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with Stefan Nestler

Sherpa dies in avalanche on Dhaulagiri

R.I.P.

Tragic incident on the eight-thousander Dhaulagiri in western Nepal: Yesterday an avalanche hit a seven-man Sherpa team of the operator “Seven Summit Treks”, who were fixing ropes between Camp 2 (6,400 m) and Camp 3 (7,400 m). “Six (Sherpas) survived the avalanche unharmed, but the only 24-year-old Dawa Gyaljen, born near (the eight-thousander) Makalu, is missed,” Spaniard Luis Miguel Lopez Soriano wrote on Facebook. Luis accompanies his 79-year-old friend Carlos Soria, who this fall is trying for the tenth and, in his own words, probably last time to scale Dhaulagiri. The 8,167-meter-high mountain and Shishapangma (8,027 m) are the last two eight-thousanders still missing from Carlos’s collection.

Date

20. September 2018 | 18:38

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Rockfall on Spantik

Spantik (the normal route

It was close, damn close. “We were very, very lucky,” writes Patrick z’Brun to me. The mountain guide was part of a Swiss team that escaped a tragedy by a hair’s breadth on the 7,027-meter-high Spantik in the Karakoram this summer. The day after their arrival, the climbers were just setting up their base camp. “Suddenly someone shouted ‘Rock, rock’,” reports Patrick. A large boulder rushed through a couloir directly towards the base camp. Nearly 200 meters ahead of the camp, the boulder divided into two pieces without them changing direction: “Two kitchen tents and a sleeping tent were sheer shaved off. The two rocks rushed past two climbers by a hair’s breadth.” According to Patrick’s words, an expedition member just managed to save himself by jumping behind a small wall on which the kitchen tent had stood. An eight-second video of the incident documents how lucky the group was:

Date

19. September 2018 | 17:25

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Ski attempts on Annapurna and Lhotse

Anton Pugovkin (l.) und Vitaly Lazo (r.)

“Death Zone Freeride” – so the two Russians Vitaly Lazo and Anton Pugovkin named their ambitious project. Their goal: to scale five of the 14 eight-thousanders without bottled oxygen and ski down from the summits. In fall 2017, the two climbers achieved their first success on the 8,163-meter-high Manaslu. This fall season, part two of the project is to follow on the 8,091-meter-high Annapurna. In addition, Mount Everest, K2 and Nanga Parbat are on the Russians’ to-do list.

After some back and forth on the material transport by helicopter, Vitaly and Anton finally seem to have flown today from the Nepalese town of Pokhara to Annapurna Base Camp. The so far only successful ski descent from the summit of Annapurna was made by the Slovenian brothers Davo and Andrej Karnicar via the north side of the mountain in spring 1995, during their climb they also did not use breathing masks.

Date

18. September 2018 | 18:01

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Czechs on Nanga Parbat: “Like frozen fish fillets”

In the Rupal Face

“To paraphrase Shakespeare: living on without summit or voting for death.” This is how Marek Holecek described the decision that he and his team mate Tomas Petrecek had to make last Sunday at the exit of the mighty Rupal Face, 300 meters below the summit of Nanga Parbat. Gusts of wind of up to 100 kilometers per hour blew over the 8,125-meter-high mountain in Pakistan, the ninth highest in the world. After six days in the wall, the two Czech climbers decided to turn around.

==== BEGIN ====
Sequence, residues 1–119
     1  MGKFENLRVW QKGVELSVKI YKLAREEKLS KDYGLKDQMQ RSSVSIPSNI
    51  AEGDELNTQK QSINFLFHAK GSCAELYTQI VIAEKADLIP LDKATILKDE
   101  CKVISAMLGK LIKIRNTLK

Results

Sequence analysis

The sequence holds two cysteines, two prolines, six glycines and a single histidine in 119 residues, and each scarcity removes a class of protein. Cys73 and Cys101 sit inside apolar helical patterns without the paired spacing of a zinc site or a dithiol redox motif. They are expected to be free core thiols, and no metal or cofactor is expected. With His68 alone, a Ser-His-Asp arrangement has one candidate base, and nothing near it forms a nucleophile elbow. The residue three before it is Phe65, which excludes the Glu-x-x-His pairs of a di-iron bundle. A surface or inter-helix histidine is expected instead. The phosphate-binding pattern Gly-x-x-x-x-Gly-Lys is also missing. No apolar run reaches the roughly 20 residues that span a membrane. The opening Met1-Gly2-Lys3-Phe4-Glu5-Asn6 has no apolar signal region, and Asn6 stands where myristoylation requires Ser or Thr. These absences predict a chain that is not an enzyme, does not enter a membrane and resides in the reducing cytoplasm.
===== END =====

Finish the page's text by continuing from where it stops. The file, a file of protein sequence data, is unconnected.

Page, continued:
Date

5. September 2018 | 12:26

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David Göttler: “Some 8000ers are still on my list”

David Göttler

They have two homes. German professional climber David Göttler and his partner Monica Piris spend the winter in Chamonix am Mont Blanc, the summer in Monica’s native northern Spain, between the towns of Bilbao and Santander, “where Spain is still really green”, David enthuses. This summer, as reported, Göttler had returned from Pakistan empty-handed. Bad weather had put a spoke in the wheel of him and his teammate, Italian Hervé Barmasse, on the 7,932-meter-high Gasherbrum IV in the Karakoram. Yesterday Göttler celebrated his 40th birthday in Spain – not in the mountains, but on the construction site, as he tells me, when I belated congratulate him: “I have finished my training room. So it was a good day.”

40 years, David, that’s a mark. Many ook back then on their lives or make plans for the future. You too?

Date

4. September 2018 | 17:45

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New guidelines for helicopter rescue on Nepal’s mountains

Rescue flight on Everest

A committee is to get to the bottom of it. Since Friday, new guidelines for helicopter rescue have been in force in Nepal, with which the government wants to prevent insurance fraud with “fake rescue flights” in the future. A “Tourist Search and Rescue Committee” will monitor all rescue operations. The committee includes representatives of the ministries of home and of health as well as of the Nepal Mountaineering Association (NMA), the Himalayan Rescue Association (HRA), the Civil Aviation Authority of Nepal (CAAN) and the tourist police. Helicopter companies, expedition and trekking agencies, hospitals and insurance companies are now obliged to provide all details of rescue flights and medical care as well as insurance invoices in a timely manner so that the committee can review them. In the event of irregularities, the committee is also responsible for punishing the black sheeps in the sector.

Date

3. September 2018 | 15:36

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